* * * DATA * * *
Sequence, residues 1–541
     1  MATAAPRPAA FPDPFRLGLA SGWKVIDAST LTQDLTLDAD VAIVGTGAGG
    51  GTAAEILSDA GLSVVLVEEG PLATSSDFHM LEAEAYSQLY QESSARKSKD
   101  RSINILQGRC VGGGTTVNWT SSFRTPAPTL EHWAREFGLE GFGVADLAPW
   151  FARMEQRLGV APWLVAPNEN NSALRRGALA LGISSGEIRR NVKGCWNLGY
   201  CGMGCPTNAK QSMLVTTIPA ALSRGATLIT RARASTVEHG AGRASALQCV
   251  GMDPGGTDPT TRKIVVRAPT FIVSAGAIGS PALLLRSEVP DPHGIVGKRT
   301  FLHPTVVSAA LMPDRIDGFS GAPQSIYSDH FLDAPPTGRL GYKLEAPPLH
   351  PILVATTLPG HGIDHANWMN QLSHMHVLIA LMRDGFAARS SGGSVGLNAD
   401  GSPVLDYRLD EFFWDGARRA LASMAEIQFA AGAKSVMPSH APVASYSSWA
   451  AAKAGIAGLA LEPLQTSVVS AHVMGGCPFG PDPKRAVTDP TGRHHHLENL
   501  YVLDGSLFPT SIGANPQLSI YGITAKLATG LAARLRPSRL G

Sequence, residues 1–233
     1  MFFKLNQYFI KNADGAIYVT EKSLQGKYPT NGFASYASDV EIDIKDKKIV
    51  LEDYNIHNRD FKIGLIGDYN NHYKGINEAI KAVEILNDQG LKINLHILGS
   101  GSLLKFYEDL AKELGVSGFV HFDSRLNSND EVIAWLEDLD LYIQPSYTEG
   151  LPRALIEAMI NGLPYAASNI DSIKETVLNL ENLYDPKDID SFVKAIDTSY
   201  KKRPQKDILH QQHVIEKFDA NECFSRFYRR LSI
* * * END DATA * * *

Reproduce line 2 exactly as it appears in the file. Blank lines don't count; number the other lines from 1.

     1  MATAAPRPAA FPDPFRLGLA SGWKVIDAST LTQDLTLDAD VAIVGTGAGG